What is Amortization?
In the business world, amortization simply means paying off a loan or a debt in regular payments over a set period of time. The most common form of an amortizing loan is a mortgage, but car loans and other major and expensive purchases involving a loan are also examples of amortization.
An amortization loan is different from other loans because each payment installment includes both principal and interest. It is also among the easiest loans because payments are split into equal amounts that will remain unchanged throughout the length of the loan.
There are a few tools at your disposal to help you with an amortizing loan, most notably a calculator, schedule and spreadsheet. On this page, we will delve further into amortization, how to use an amortization calculator, schedule and spreadsheet, and how amortization can help you secure the home or vehicle of your dreams.
Tips Before Obtaining an Amortization Loan
Buying a home or a car is a major investment and there are some things anyone in the market for a loan should know. Prior to entering any type of amortization loan, it’s important to speak to a qualified financial advisor. It’s also important to figure out how much money you’re willing to spend and how long you’re willing to spend it prior to ever stepping foot in a loan office.
Going in with a clear head and set numbers in mind gives you a huge advantage when you sit down with a loan officer. Don’t allow yourself to be talked into committing money that you don’t have or don’t want to spend. There are many benefits associated with an amortization loan, but those benefits will be meaningless if you enter into an agreement you can’t afford.
Prior to signing your name to any piece of paper, use tools like an amortization calendar or calculator so you know exactly what you’re planning to get in to. A lender’s first priority is not always placing you in the home or car of your dreams. Lenders have a job to do and some will do all they can to earn every last penny.
Some will see an inexperienced or uneducated consumer and jump at the opportunity to put them in a situation they would rather not be in. As with anything in life, knowledge is power and the more you know going in to this life-changing experience will pay huge dividends both immediately and down the road.
What is an Amortization Period?
An amortization period refers to the amount of time it will take you to pay off your debt or loan. If you decide to take out a loan and attempt to pay it off in a timely fashion, you can expect to have higher installment payments. However, you won’t pay as much in interest because the loan will be paid off faster.
Conversely, those who take out the same loan but wish to take a little longer to pay it back will have lower installment payments, but will pay much more in interest over the length of the loan. Depending on interest rates, and other terms and conditions, even extending a loan by as little as one year could results in paying tens of thousands more in interest.
Determining an appropriate amortization period is one of the most important decisions you will make prior to agreeing to the loan. Using an amortization calculator and schedule prior to ever meeting with a lender will help you determine what period will work best for you.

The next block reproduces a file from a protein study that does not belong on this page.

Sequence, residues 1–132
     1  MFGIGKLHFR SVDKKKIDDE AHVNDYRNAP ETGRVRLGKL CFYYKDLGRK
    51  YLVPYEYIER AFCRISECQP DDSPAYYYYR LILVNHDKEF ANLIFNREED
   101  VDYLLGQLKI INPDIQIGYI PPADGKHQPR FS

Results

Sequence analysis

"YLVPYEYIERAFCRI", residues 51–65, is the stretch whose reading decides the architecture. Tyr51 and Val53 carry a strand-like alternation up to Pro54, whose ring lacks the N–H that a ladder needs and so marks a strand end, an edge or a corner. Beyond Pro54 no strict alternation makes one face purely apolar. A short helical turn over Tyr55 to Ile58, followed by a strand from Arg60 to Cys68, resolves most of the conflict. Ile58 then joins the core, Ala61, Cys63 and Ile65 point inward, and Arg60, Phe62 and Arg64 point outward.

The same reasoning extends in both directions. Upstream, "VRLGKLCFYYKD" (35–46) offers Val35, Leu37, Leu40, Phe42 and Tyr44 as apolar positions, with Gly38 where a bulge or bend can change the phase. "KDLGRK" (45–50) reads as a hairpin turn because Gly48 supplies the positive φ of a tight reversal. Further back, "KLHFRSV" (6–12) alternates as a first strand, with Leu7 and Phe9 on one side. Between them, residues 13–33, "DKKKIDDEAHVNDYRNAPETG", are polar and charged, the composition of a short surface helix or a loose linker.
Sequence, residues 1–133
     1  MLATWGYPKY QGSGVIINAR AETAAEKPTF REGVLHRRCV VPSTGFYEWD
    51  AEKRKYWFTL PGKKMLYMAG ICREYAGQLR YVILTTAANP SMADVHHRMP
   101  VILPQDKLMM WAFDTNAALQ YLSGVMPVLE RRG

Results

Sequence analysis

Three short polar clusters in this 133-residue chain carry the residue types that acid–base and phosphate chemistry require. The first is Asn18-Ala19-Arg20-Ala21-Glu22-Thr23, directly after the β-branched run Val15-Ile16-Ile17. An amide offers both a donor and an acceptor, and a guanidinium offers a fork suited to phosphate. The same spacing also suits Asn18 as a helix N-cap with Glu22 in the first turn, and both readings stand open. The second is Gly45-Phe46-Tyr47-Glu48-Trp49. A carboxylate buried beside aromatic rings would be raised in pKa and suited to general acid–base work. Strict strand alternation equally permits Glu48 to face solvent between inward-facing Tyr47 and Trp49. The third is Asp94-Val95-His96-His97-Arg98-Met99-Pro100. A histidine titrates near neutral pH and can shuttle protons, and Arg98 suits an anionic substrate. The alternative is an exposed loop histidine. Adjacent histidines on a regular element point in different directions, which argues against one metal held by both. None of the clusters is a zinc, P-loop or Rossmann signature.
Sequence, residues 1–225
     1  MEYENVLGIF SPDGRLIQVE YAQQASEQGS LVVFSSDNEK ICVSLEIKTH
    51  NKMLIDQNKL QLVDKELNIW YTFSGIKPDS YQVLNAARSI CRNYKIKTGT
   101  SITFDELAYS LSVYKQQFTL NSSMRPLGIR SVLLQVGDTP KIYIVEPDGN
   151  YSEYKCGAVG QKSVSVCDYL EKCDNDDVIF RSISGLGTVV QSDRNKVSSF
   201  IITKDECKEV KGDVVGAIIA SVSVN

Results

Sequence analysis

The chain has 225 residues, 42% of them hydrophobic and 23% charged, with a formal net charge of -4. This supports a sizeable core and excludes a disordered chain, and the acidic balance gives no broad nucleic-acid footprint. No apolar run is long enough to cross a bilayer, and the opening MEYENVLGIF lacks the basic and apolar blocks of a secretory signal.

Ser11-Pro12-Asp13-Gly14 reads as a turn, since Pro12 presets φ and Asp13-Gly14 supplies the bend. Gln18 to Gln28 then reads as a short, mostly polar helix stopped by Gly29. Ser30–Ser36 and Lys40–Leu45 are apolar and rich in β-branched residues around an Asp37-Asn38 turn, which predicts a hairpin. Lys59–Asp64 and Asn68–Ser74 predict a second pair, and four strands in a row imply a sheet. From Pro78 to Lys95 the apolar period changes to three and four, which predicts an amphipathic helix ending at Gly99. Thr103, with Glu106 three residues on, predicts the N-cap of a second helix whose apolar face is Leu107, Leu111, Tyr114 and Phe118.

Using an Amortization Calculator
An amortization calculator is invaluable when it comes to determining the costs associated with a loan. These calculators can be used for auto loans, mortgages and various types of other loans. An amortization calculator is also very easy to use.
First, input whatever the amount of the loan is. Next, you will input the length of the loan term, whether it’s weeks, months or years. The next step will be to plug in the interest rate of the loan, followed by the starting date of the loan. Finally, select whether you would like to see the final result in monthly payments or yearly installments.
Once you determine the amount of your payments, it’s important to remember to include any taxes, insurance or any other type of fees or charges that may be added.
Using an Amortization Schedule
If you’re paying off a loan, you need this amortization schedule to show you where you are in paying off the principal and interest. Amortization is the process of paying down the principal and interest of a loan slowly over time, until the entire loan has been paid. Typical examples of amortized loans are home mortgages and car loans, but amortizing loans can come in all sizes. To create your own amortization schedule for loans, download this easy template.
Creating an amortization schedule for your loan has never been easier. Simply plug in your loan amount, interest rate, and term, and this amortization schedule will figure out how much your payment is, and how much of each payment goes to principal and interest on the loan. This loan amortization schedule tool will help you see how close you are to paying off your loan, and how much interest and principal you have paid. Thanks to this amortization schedule tool, you’ll have a much better understanding of your debt.
Our amortization schedule Excel template is easy to use and requires only a few variables. It also produces a chart that is easy to read, so you can fully understand your loan amortization schedule. If you need help creating an amortization schedule for auto loans, mortgages or any other type of loan, simply download this template for free today!
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